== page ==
Friday, August 8, 2008

Xylitol can kill your dog

Xylitol is an all-natural sugar substitute derived from beets, birch tree bark, corncobs and other natural sources. It's as sweet as sugar but has 40% fewer calories. Unlike sugar, Xylitol does not require insulin to be metabolized. The sweetner is new to the U.S. food market, so most Americans aren't aware that Xylitol can be "very, very serious" to dogs when ingested. Dana Farbman, spokeswoman for the American Society for the Prevention of Cruelty to Animals says, "It doesn't take a whole lot and the effects are so rapid that the window of opportunity to treat the dog is extremely small." Within 30 minutes of consuming a small amount of a xylitol-sweetened product, dogs can experience a dramatic drop in blood sugar, and they usually begin vomiting, become lethargic and can have difficulty standing or walking. Some have seizures, develop internal hemorrhaging and lesions and suffer liver failure. As few as two or three sticks of xylitol gum could be toxic to a 20-pound dog, the ASPCA says. Immediate and aggressive veterinary treatment, which includes glucose drips and IV fluids, has proved effective in many cases.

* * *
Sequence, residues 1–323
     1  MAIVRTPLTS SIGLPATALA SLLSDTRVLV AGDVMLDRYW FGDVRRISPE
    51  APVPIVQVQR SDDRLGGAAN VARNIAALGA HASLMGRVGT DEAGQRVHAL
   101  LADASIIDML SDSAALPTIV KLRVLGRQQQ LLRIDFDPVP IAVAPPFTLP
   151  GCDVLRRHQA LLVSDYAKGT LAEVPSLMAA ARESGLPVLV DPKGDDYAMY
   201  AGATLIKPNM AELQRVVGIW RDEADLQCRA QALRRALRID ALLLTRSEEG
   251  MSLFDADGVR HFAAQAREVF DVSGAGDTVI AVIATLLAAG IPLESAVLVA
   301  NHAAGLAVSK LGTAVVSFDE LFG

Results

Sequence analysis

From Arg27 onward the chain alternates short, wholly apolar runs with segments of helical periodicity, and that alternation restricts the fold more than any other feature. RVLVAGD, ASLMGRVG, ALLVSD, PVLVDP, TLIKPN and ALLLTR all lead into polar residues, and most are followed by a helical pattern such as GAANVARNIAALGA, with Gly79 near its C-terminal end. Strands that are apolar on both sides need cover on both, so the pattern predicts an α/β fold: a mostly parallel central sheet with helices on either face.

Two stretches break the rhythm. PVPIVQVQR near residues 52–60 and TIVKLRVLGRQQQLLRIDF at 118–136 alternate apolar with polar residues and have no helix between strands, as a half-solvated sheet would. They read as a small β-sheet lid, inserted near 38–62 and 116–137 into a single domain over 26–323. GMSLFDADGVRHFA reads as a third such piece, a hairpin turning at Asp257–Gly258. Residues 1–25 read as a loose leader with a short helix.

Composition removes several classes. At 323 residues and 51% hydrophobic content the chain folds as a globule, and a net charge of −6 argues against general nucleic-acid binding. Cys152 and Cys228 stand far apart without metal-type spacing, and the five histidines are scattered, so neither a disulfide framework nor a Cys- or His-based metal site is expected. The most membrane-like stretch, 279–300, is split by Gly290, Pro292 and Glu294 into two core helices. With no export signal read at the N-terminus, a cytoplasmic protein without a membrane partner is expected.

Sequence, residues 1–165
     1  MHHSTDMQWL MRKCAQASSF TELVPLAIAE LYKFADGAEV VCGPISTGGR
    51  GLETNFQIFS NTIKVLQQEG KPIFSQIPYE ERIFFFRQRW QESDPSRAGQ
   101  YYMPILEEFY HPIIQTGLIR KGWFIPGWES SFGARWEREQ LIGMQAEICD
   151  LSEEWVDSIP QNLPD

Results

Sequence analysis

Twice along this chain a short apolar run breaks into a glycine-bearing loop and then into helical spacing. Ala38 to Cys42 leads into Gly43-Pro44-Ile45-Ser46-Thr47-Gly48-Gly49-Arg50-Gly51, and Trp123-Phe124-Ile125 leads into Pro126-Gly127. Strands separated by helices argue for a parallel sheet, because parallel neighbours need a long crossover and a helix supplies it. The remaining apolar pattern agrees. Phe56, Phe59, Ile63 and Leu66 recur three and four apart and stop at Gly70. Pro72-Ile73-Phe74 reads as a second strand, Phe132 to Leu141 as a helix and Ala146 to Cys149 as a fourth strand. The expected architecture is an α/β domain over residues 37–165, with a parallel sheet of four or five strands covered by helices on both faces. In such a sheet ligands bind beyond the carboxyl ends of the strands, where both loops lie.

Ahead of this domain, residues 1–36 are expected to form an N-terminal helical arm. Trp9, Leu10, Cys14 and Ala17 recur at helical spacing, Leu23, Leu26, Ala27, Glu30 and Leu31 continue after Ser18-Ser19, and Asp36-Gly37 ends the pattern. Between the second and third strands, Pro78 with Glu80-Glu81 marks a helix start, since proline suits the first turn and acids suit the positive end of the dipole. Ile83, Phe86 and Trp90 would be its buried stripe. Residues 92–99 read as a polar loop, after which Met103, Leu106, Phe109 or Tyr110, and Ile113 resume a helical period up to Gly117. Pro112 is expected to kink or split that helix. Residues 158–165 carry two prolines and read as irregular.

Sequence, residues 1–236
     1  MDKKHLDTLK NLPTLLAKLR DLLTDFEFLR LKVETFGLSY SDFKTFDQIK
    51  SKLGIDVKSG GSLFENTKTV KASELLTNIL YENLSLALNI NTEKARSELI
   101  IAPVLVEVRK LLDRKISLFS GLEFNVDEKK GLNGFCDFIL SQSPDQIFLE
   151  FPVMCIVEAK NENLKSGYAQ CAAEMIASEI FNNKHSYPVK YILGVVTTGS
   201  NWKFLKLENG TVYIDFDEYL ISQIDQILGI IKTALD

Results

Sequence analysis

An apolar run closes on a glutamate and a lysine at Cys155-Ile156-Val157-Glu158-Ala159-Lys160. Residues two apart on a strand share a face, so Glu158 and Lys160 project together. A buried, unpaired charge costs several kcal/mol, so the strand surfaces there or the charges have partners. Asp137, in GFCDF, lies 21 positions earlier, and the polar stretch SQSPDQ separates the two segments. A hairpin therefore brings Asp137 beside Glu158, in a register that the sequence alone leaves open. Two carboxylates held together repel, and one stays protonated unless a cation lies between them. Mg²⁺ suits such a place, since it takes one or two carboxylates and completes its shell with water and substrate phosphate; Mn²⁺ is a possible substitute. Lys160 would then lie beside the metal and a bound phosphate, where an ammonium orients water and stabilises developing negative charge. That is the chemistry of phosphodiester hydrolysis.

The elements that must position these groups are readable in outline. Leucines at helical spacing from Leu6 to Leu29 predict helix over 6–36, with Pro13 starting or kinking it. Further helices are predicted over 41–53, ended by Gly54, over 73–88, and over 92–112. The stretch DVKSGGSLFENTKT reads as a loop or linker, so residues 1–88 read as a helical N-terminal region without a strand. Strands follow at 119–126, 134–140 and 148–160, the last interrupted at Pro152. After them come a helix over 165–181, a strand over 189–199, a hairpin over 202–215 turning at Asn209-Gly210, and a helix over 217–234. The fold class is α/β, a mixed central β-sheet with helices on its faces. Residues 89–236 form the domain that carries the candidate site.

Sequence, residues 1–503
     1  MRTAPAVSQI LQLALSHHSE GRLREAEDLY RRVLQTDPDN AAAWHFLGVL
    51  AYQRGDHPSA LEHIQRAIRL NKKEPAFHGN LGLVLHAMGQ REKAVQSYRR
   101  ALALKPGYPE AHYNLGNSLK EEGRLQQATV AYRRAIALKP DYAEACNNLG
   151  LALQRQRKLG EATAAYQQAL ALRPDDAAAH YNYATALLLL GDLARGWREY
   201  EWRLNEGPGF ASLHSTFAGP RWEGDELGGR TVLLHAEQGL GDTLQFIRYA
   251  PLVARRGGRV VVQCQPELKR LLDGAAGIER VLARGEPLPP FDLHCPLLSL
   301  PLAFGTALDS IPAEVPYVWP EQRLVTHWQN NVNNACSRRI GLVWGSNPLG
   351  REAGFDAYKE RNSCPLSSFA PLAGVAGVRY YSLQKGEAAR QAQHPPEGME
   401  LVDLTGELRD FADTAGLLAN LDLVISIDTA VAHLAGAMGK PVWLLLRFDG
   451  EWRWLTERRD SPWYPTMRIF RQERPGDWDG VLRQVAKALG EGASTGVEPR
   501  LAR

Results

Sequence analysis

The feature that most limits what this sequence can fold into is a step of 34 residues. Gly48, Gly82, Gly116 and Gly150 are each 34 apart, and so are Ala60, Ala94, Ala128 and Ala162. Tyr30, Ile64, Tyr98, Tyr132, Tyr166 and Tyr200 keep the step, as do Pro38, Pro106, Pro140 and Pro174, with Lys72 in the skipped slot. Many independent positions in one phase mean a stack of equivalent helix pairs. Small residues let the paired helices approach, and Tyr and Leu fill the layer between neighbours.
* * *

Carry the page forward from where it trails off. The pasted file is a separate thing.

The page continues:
The Pad is a pro-pet zone.
Thank you for watching out for your animal friends.